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CoDock-Ligand: combined template-based docking and CNN-based scoring in ligand binding prediction


For ligand binding prediction, it is crucial for molecular docking programs to integrate template-based modeling with a precise scoring function. Here, we proposed the CoDock-Ligand docking method that combines template-based modeling and the GNINA scoring function, a Convolutional Neural Network-based scoring function, for the ligand binding prediction in CASP15. Among the 21 targets, we obtained successful predictions in top 5 submissions for 14 targets and partially successful predictions for 4 targets. In particular, for the most complicated target, H1114, which contains 56 metal cofactors and small molecules, our docking method successfully predicted the binding of most ligands. Analysis of the failed systems showed that the predicted receptor protein presented conformational changes in the backbone and side chains of the binding site residues, which may cause large structural deviations in the ligand binding prediction. In summary, our hybrid docking scheme was efficiently adapted to the ligand binding prediction challenges in CASP15.

Peer Review reports


Ligand binding prediction is an important issue in the structure-based drug design. With the breakthrough of AlphaFold2 (AF2) in protein structure prediction [1], a new challenge category, ligand binding prediction was added to the 15th Community Wide Experiment on the Critical Assessment of Techniques for Protein Structure Prediction (CASP15). Previously, the Community Structure–Activity Resource (CSAR) [2] disseminated experimental datasets of diverse protein–ligand complexes to improve ligand docking and scoring. After 2015, the Drug Design Data Resource (D3R) [3] replaced CSAR and released valuable benchmarking datasets containing experimentally determined binding structures and affinity data. However, unlike the CSAR and D3R challenges, the ligand binding predictions of CASP15 provide only the target sequences without structural or ligand binding site information. These predictions are much more difficult and can be classified as blind docking. Unlike the typical blind docking, CASP only provides sequence information for the receptors. Therefore, it is necessary to predict the structures of these receptors. The predicted receptor structures may deviate from the experimental structures, regardless of the main chains or side chains, further increasing the difficulty of ligand blind docking. In addition, multiple ligands binding to one specific target make the problem even more complicated in CASP15.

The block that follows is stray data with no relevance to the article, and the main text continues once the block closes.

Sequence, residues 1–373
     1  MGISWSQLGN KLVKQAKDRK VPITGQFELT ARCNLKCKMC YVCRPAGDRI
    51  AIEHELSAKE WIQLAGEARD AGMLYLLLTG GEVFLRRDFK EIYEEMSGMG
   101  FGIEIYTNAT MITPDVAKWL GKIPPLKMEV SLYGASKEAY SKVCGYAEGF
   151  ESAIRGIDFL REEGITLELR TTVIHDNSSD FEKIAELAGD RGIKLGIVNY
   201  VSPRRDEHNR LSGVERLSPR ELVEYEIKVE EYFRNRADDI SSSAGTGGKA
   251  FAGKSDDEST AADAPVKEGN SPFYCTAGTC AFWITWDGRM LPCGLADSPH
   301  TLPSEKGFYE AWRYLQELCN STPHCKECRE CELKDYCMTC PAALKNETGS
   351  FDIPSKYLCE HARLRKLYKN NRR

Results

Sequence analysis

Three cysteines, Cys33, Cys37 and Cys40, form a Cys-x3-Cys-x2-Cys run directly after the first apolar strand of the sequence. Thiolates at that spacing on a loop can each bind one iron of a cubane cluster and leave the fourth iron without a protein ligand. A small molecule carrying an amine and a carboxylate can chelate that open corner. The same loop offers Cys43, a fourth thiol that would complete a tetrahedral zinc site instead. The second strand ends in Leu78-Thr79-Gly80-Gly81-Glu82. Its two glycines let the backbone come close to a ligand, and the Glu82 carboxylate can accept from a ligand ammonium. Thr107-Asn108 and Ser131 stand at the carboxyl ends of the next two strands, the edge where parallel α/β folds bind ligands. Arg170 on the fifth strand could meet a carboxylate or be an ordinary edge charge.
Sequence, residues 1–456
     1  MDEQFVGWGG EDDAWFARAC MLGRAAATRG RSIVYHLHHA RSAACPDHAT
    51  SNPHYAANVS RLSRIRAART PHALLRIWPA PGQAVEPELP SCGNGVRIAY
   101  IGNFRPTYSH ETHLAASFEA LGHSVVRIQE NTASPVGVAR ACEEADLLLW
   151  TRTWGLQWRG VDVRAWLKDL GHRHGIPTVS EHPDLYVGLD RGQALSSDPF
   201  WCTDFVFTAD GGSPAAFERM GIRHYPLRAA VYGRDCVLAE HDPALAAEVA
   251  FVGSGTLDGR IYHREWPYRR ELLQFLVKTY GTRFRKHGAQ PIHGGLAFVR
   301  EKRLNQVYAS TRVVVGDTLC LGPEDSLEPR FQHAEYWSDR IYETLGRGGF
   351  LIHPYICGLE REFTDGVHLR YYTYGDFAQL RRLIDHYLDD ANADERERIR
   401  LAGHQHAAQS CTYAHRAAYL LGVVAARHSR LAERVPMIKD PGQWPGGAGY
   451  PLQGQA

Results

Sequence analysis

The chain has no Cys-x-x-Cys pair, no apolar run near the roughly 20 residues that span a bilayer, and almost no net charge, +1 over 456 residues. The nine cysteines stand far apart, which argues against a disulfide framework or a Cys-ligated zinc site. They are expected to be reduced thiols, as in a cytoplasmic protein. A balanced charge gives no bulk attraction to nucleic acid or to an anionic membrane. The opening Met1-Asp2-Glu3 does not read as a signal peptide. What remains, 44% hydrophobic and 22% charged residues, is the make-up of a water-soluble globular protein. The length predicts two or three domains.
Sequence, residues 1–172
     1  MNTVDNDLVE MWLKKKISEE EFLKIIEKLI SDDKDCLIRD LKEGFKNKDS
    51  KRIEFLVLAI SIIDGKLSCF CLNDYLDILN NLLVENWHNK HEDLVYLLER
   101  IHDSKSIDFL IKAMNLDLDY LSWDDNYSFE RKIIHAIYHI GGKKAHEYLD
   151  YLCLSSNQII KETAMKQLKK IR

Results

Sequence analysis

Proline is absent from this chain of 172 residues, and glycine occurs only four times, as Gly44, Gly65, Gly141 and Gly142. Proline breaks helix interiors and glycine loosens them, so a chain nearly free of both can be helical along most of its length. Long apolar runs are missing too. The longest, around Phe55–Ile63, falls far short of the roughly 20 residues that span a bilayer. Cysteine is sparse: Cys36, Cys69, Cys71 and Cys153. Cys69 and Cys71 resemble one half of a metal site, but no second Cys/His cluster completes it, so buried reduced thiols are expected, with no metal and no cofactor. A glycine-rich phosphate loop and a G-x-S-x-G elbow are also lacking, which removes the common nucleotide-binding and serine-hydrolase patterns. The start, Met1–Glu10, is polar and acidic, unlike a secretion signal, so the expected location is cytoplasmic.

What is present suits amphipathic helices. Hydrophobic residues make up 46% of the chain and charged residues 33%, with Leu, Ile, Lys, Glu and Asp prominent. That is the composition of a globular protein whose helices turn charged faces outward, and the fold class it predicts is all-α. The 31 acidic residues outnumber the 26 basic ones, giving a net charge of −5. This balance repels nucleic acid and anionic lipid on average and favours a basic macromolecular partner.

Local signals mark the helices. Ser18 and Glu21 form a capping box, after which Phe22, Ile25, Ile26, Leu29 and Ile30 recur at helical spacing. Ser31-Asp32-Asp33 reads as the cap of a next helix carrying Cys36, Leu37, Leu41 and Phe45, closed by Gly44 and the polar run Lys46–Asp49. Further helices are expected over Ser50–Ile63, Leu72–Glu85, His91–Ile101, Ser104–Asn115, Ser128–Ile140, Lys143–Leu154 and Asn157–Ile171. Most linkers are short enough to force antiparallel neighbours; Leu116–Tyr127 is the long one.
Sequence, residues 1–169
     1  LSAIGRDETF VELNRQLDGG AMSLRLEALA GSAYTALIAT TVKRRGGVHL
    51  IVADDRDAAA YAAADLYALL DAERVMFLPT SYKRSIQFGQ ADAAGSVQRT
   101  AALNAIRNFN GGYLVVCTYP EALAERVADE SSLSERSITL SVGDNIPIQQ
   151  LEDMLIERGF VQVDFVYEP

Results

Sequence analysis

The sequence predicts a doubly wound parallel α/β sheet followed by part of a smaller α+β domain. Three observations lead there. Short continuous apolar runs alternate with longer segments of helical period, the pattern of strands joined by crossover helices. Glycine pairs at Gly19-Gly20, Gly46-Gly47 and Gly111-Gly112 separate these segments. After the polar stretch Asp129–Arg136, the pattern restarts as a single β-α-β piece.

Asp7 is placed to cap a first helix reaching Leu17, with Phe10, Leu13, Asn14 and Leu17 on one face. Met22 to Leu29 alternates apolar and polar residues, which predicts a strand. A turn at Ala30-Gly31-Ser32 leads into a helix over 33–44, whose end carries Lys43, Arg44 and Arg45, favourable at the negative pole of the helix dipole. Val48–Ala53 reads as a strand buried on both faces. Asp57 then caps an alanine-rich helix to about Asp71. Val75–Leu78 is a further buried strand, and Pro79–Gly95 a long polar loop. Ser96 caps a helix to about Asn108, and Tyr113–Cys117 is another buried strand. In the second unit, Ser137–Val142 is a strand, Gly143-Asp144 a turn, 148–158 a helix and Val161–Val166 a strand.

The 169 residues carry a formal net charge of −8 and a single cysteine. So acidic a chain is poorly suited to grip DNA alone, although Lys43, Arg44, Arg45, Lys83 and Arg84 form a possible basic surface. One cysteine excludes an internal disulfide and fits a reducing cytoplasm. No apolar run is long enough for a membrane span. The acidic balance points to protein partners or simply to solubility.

Several computational methods have been developed for ligand binding prediction. Well-known ligand prediction programs include DOCK [4], AutoDock [5], Vina [6], Glide [7], GOLD [8], and MDock [9]. Recently, template-based methods have been widely used to predict ligand structures. Huang et al. proposed an enhanced Virtual Screening (VS) approach, EViS [10], which integrates ligand docking, protein pocket template searching, and ligand template shape similarity calculations. Zou et al. [11] proposed a new template-guided method using dissimilar ligands as templates, which significantly outperformed traditional molecular docking methods. PocketShape [12] used the Hungarian algorithm and the Downhill simplex method to solve the problem of binding site comparison, and achieved excellent performance in distinguishing similar from dissimilar ligand binding site pairs. To enrich the AlphaFold model with ligands and cofactors, AlphaFill [13] uses sequence and structural similarities to align small molecules and ions from experimentally determined structures with AF2 predicted protein models.

In addition, convolutional neural networks (CNNs) have been used in structure-based virtual screening and scoring. Ragoza et al. [14] showed that a fully CNN scoring function (GNINA scoring function) using only spatial and atom type information as input can outperform empirical and feature-based machine learning approaches for virtual screening. Deane et al. [15] used a Densely connected CNN (DenseNet) with a transfer learning approach to produce an ensemble of protein family-specific models for virtual screening. Jones et al. [16] fused models of 3D-CNNs and spatial graph neural networks (SG-CNNs) to make more accurate predictions than the previous docking scoring and MM/GBSA rescoring.

In CASP15, we participated in the category of ligand binding prediction. Owing to the advantages of template-based modeling and the GNINA scoring function, we combined these two methods to predict the binding modes of small molecules or metal ions. For most of the CASP15 ligand systems, our fusion docking protocol achieved successful or partially successful results. Considering its robust predictive performance, our docking protocol is a good alternative for the ligand binding predictions.


3D alignment algorithm